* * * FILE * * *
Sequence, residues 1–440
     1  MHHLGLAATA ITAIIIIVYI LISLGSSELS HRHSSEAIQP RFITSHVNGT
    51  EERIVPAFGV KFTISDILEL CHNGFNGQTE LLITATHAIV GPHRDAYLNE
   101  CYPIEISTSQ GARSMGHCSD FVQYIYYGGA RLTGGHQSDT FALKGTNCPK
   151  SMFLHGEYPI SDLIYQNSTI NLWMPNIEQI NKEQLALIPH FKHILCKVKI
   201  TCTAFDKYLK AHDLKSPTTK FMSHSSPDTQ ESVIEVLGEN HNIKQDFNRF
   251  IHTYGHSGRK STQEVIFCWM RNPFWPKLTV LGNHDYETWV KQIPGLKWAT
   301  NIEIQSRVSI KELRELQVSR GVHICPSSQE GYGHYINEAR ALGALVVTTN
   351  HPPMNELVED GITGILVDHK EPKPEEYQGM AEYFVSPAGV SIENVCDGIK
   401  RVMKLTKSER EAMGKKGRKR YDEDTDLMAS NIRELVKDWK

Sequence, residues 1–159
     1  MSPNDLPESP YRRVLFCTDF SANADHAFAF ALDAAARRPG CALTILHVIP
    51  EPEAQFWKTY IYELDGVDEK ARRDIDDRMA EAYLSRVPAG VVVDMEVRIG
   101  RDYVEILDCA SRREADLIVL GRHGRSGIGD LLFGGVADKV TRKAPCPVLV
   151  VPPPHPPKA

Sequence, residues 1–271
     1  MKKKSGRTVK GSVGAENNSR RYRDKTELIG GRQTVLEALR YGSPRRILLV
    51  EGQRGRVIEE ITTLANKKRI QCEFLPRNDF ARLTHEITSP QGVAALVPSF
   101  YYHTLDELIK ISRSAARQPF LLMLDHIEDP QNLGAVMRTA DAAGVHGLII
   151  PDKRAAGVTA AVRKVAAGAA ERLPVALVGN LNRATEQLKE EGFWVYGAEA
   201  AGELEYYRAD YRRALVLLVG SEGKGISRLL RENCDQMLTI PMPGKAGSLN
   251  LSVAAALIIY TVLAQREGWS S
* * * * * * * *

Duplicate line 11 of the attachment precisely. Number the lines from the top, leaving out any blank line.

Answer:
Sequence, residues 1–159